2. Sourcing glass eels from a sustainable fishery and providing a minimum of 60% of purchased eels for restocking. We will work with the Sustainable Eel Group to provide targeted, informed restocking efforts with the goal of moving densely stocked glass eels from the lower reaches, ongrowing these eels through this high-risk period and releasing them into more suitable habitats across the Bristol-Avon Catchment, including newly improved or accessible habitats. Bristol Fish Project intends to move from wild caught to bred glass eels as soon as these become commercially available, however we will remain committed to our participation in restocking programs, education and community projects.
  3. Ensuring Eels are available, affordable and accessible for education and community projects (e.g. Eels in Schools) – through Eels for schools, children nurture the elvers over a five week period before releasing them into the local catchment. Whilst their elvers grow the children learn about the eels’ fascinating lifecycle, the challenges they have to overcome to make it up our rivers and what they, and all their classmates, can do to help save the eel.
  4. Helping the recreational fishing community to adapt their behaviours towards a conservation approach.
  5. Training people in innovative cultivation skills (aquaponics)
Measuring Success – Some aspects of the proposed project are readily measurable:

  • production system data, including temperature, flow rates, water quality, etc are already recorded.
  • increases in production capacity of both plant and fish production on site, (also measured against water consumption, water quality and energy consumption)
  • eel throughput: we intend to release a minimum of 60% of elvers that we take in into the wild and retaining 40% for consumption at a minimum of 200g per eel, eel numbers will increase from an initial 500 in our pilot, and ~12000 from our current 1 system in year 1, to some ~30000 eels for restocking in year 4 once all 4 proposed systems are running at capacity (though factoring in normal attrition – wherein we nonetheless anticipate losses of <10%).
  • Numbers of local children that through our regular engagements with the spawn to be wild / eels for schools programme
  • Our engagement at Bristol Aquarium will give the opportunity for >10,000 pupils to engage with eel conservation.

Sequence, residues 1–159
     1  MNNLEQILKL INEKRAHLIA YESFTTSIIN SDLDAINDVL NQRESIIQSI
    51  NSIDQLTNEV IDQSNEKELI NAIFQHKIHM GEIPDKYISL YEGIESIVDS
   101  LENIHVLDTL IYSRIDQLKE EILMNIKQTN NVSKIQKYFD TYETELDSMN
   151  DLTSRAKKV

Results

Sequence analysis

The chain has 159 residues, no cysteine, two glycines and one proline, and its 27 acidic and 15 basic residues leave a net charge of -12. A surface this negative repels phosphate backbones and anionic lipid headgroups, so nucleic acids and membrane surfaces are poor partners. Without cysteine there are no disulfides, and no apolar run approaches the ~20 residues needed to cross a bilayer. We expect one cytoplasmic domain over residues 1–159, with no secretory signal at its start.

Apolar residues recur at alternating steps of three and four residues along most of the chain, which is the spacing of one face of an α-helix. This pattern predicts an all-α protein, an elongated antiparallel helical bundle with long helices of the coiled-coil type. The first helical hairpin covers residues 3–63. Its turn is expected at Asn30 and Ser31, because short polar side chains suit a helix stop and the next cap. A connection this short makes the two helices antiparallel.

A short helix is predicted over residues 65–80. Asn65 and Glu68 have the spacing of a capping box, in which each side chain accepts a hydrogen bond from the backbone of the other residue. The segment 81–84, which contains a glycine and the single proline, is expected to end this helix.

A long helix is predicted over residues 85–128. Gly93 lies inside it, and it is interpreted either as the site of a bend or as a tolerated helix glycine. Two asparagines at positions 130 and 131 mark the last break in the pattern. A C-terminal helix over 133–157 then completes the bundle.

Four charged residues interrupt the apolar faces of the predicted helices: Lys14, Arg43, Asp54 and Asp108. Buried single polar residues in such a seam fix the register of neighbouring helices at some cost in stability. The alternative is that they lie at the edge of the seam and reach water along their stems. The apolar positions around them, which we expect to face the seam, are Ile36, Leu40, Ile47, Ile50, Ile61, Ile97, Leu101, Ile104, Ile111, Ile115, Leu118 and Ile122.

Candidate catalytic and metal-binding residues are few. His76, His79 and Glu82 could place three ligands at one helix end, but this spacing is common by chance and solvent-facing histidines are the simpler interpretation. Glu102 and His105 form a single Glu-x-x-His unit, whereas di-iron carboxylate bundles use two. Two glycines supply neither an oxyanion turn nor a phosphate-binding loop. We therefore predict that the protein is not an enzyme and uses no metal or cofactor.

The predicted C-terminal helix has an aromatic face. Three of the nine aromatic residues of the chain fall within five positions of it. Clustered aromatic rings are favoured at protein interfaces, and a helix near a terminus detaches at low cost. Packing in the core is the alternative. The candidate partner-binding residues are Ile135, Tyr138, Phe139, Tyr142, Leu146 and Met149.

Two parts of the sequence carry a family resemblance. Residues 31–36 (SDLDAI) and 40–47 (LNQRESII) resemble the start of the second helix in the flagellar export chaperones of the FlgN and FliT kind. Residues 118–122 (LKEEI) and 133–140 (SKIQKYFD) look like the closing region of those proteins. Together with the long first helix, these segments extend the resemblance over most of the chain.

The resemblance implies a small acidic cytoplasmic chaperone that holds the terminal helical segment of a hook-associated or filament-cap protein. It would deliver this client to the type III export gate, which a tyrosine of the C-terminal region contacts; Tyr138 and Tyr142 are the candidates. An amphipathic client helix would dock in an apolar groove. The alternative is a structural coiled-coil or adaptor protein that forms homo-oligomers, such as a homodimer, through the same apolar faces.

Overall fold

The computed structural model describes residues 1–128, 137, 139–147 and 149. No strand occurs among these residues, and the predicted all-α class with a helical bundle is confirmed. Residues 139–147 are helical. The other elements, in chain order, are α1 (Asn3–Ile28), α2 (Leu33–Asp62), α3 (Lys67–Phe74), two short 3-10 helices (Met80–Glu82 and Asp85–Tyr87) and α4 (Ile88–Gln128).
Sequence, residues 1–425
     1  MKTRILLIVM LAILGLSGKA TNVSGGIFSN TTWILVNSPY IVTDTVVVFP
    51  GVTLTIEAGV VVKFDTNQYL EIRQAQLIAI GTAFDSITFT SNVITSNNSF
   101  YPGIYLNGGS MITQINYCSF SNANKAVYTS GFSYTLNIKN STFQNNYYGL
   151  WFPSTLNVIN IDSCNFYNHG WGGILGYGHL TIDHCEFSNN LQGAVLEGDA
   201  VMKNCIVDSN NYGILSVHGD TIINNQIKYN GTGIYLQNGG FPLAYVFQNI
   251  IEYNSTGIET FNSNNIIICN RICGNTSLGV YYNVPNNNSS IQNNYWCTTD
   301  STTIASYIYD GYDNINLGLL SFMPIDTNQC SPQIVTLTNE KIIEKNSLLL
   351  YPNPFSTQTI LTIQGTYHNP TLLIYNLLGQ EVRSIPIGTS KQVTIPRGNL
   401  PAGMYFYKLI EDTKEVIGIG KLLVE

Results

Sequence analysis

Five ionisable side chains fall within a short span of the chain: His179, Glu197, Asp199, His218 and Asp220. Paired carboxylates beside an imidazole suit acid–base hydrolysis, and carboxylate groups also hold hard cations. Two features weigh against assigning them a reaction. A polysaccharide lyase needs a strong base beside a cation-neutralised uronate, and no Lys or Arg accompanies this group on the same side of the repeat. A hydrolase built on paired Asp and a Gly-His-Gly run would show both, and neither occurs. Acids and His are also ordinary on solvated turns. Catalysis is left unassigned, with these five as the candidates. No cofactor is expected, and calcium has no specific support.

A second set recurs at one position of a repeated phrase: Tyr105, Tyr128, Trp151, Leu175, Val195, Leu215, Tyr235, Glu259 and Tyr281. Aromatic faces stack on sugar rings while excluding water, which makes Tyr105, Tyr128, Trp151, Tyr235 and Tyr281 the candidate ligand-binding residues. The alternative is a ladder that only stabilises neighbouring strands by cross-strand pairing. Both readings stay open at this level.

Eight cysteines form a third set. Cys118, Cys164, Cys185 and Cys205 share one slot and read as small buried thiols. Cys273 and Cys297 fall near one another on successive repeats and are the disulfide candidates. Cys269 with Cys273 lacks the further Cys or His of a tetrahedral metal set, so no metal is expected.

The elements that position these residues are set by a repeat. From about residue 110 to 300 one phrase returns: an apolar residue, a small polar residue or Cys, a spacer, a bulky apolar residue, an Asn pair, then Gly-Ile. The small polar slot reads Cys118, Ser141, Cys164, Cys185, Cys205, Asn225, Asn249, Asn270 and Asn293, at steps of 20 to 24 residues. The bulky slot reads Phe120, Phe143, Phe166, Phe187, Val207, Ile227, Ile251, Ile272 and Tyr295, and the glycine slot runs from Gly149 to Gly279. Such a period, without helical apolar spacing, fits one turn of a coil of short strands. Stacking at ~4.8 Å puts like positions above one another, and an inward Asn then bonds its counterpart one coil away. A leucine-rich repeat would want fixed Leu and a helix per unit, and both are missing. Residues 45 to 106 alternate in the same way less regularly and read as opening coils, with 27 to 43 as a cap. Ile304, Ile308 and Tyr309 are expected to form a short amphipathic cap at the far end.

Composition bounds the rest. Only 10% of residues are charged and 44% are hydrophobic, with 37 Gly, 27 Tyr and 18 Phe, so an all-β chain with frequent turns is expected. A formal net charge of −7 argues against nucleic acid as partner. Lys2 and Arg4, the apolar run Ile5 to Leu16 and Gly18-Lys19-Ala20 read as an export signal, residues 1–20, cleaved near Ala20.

• Our website and social media reach are closely monitored
  • To capture the way opinion of eels and eel husbandry might change over time, people engaged in the project will be encouraged to take part in a survey – to gauge if this has altered post engagement.
Innovative, sustainable funding model – In order to secure long-term conservation aims of this project Bristol Fish puts forward a portfolio of revenue-generation activities, ensuring the overall financial viability of this project whilst also meeting our overarching aims. Whilst we will continue to pursue grant funding opportunities for specific projects, we are keen that the EMFF funding leads towards a non-grant-dependent means of financing our eel conservation activities.

The Sustainable Eel Mechanism allows us to sell a maximum of 40% of eels cultivated onsite into the food value chain for money, alongside our other revenue generating activities (see cashflow). Within our budget all of the funds generated by the sale of eels are used pay for all the activities required to cultivate more eels as well as deliver educational programmes relating to eel release programmes., rather than to profiteer from the cultivation of a critically endangered species. We reiterate here that we will move from wild-caught to bred-eels as soon as these become commercially available.



7 thoughts on “About

  1. Steve Anderson says:

    Only just found out about this exciting project.Do you have any ‘fishy’ artwork and maybe promotional material that you’d like to display or create at Bristol North Baths? Facebook page: “The Deep End”.It seems that both projects have a considerable overlap in terms of art and community.You’ll have to be quick though-our rolling lease may well expire in 2 weeks!

  2. Peter says:

    Hi Alice,
    talking today to some friends I remembered your item on Points West a while ago. Your project is absolutley something I would be very interested in looking at. Both as a community item but possibly a small comercial enterprise. I own a small field (3 acres or so) near Bitton which has my daughters horse on. I have kept sheep and a few pigs there and try to grow some veg etc.
    I have been involved with a community group for over 25 years and think you have a fantastic idea. As a species we need to be able to guarantee our food sources into the future and closed eco system methods will ultimatley prove the best way of getting consistant quantity and quality at the right price. Could I come over when its convienient to you to have a look at what you are doing ?
    Kind regards

    • robdesbois says:

      Hi Peter – what is the community group you are involved with? My family and I live just outside Bitton, and although work and our 1-year old keep us busy we’d be interested in getting involved with a local permaculture group.

    • alicemariearcher says:

      Hi Michael,

      Not sure what you mean? We make regular updates through the blog – perhaps this isn’t the info you want? Alice